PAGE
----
In any system for transmitting messages using encryption, the security of the system boils down to the security of the encryption key. This key security often isn't electronic at all – you need a secure way to distribute keys to authorized message senders and receivers. If that key is stolen or misplaced, your key distribution process and ensure that no real messages are sent with that key – as the bad guys might have it. This process is called “key management”, and it's hard. Almost always there's a flaw in key management – anything from a minor and unlikely vulnerability to a gaping security hole you could drive an aircraft carrier through. All of this is well understood by anyone designing a security messaging system.
So...how do you make a secure key management system?
Well, Roarke Horstmeyer at the California Institute of Technology and some others think they have an answer. For their “key” they use a slab of special glass whose microscopic structure is random, unpredictable, and readable. To set up a secure system, they make two slabs of glass – one for each side of the messaging system. They then read the random data in each key and combine them to make a public key. This public key can be safely published to the world, as it's contents can't be used for anything by itself – you have to possess one of the two glass slabs to make it useful.
Let's say we have two parties: the traditional Alice and Bob, each of whom have one of these special glass slabs. The combination has been published. Now Alice wants to send Bob an encrypted message. She figures out how long her message is (“n” bits) and then takes the next “n” bits of her key (read from her glass slab) and uses them to encrypt her message. She sends the message to Bob. Bob takes the next “n” bits of his key (read from his glass slab) and subtracts it from the published combined key, yielding Alice's key – which he then uses to decrypt her message. Straightforward and as secure as a one-time pad.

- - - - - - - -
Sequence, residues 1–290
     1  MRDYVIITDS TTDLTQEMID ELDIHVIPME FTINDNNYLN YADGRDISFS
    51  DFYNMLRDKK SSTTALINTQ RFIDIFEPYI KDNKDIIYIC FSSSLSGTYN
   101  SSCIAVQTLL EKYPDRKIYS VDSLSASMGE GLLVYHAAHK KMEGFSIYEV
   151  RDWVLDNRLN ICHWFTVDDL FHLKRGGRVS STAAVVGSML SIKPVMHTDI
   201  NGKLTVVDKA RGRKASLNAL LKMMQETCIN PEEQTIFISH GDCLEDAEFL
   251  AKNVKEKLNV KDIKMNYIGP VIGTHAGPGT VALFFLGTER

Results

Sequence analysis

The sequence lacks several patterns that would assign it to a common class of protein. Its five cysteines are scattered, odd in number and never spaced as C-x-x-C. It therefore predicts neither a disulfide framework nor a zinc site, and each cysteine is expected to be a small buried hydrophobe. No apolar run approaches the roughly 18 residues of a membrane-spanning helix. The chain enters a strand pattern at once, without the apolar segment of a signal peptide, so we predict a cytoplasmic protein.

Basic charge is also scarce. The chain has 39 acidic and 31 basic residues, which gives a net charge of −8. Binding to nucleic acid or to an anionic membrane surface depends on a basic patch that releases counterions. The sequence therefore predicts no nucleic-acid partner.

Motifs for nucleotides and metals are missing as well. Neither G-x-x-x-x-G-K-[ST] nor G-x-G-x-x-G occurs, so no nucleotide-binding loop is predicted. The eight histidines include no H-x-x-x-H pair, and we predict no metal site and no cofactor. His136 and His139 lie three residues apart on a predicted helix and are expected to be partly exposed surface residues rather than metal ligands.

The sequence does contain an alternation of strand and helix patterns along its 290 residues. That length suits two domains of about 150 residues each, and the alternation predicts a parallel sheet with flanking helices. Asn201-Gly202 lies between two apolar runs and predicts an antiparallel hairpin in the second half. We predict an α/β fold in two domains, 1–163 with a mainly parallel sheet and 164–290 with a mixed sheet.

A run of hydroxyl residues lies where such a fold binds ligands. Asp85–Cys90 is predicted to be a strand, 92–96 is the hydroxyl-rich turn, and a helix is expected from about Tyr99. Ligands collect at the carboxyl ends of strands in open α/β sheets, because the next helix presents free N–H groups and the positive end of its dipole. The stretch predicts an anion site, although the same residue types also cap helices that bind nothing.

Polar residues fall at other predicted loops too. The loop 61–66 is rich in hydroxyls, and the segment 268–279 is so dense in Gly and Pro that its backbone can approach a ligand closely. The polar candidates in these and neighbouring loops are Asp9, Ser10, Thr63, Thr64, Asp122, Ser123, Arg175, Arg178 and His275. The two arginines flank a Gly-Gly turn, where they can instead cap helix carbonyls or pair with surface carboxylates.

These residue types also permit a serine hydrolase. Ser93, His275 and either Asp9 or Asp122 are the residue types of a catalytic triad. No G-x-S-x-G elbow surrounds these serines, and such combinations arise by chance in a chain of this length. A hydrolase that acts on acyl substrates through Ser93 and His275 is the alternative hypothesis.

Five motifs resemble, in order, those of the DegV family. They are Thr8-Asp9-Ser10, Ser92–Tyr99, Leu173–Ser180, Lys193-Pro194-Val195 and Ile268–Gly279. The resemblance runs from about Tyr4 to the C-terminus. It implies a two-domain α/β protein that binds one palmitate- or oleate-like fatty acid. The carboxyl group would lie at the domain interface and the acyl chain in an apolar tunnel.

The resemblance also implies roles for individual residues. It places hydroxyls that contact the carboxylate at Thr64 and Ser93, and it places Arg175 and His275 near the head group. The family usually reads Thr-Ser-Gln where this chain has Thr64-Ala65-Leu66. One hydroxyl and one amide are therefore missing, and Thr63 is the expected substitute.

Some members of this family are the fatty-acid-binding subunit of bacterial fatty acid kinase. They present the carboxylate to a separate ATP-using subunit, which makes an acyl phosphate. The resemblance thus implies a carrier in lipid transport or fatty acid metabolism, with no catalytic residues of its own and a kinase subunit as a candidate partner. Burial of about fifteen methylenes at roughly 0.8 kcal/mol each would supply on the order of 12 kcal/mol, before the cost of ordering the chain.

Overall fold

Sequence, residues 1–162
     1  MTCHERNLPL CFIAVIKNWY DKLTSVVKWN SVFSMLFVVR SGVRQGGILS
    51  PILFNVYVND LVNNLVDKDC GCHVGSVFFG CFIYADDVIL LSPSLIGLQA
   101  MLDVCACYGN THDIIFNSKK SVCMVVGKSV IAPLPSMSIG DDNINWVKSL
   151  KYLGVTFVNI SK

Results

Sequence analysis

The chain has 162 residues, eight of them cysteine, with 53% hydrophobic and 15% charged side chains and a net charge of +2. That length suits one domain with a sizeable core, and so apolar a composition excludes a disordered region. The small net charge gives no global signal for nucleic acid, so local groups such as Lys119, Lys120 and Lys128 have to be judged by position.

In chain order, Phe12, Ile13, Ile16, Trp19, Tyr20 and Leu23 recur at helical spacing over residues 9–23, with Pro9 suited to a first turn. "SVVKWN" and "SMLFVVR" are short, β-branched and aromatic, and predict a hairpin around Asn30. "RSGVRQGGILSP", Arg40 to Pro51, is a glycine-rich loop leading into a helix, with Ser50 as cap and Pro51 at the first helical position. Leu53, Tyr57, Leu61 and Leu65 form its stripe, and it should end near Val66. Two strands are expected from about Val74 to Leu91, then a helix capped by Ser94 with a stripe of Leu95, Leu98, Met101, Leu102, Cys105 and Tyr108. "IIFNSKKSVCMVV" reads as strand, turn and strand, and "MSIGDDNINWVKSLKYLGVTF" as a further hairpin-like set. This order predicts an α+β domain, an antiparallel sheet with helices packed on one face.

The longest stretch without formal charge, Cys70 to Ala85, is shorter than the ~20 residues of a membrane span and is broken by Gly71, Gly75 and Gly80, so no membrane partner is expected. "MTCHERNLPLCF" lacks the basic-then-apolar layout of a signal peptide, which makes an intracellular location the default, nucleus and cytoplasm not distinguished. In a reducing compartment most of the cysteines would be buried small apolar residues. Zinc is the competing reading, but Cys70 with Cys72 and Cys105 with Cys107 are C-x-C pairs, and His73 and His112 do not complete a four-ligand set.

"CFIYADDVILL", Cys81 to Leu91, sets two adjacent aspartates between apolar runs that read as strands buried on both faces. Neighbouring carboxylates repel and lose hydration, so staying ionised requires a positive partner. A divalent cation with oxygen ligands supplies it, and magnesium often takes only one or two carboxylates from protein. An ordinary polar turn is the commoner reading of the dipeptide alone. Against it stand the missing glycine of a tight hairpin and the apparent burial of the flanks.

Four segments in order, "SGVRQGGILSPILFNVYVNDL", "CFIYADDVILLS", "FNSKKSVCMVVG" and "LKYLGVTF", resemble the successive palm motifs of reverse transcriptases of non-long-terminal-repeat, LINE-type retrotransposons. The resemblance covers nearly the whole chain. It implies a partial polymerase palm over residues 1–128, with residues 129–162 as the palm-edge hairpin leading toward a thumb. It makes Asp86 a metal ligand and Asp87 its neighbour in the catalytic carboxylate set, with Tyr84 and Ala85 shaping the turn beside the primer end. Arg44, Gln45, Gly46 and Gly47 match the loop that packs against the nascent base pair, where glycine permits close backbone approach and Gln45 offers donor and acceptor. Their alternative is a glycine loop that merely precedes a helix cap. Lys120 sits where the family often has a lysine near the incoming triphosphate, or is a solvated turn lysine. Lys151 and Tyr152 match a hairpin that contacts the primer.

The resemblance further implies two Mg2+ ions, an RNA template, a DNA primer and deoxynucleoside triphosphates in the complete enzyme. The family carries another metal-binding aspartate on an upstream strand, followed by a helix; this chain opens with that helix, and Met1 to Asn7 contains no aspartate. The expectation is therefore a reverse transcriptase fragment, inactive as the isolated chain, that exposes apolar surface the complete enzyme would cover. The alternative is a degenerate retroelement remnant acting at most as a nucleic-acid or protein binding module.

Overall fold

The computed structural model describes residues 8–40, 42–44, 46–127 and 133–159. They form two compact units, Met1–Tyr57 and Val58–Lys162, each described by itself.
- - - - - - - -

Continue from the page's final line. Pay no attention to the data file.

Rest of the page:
Really the glass slabs are just a memory – a very reliable, physical and tangible memory that (today at least) could not easily be copied. Even just reading it would take a considerable amount of time, which means that security protocols (processes) could detect the fact that someone was reading it. There's nothing special about the glass per se; it's this combination of characteristics that make it attractive. A thumb drive could store data for a key, and be used the same way as the glass – but copying the thumb drive takes only a few seconds, and it's easy. A thumb drive (or any other electronic store) would be vulnerable to any such attack.
The trouble with the glass, though, is that almost certainly there's a technical attack – some way that a bad guy could quickly read it. Any conceivable storage mechanism for a key has this problem...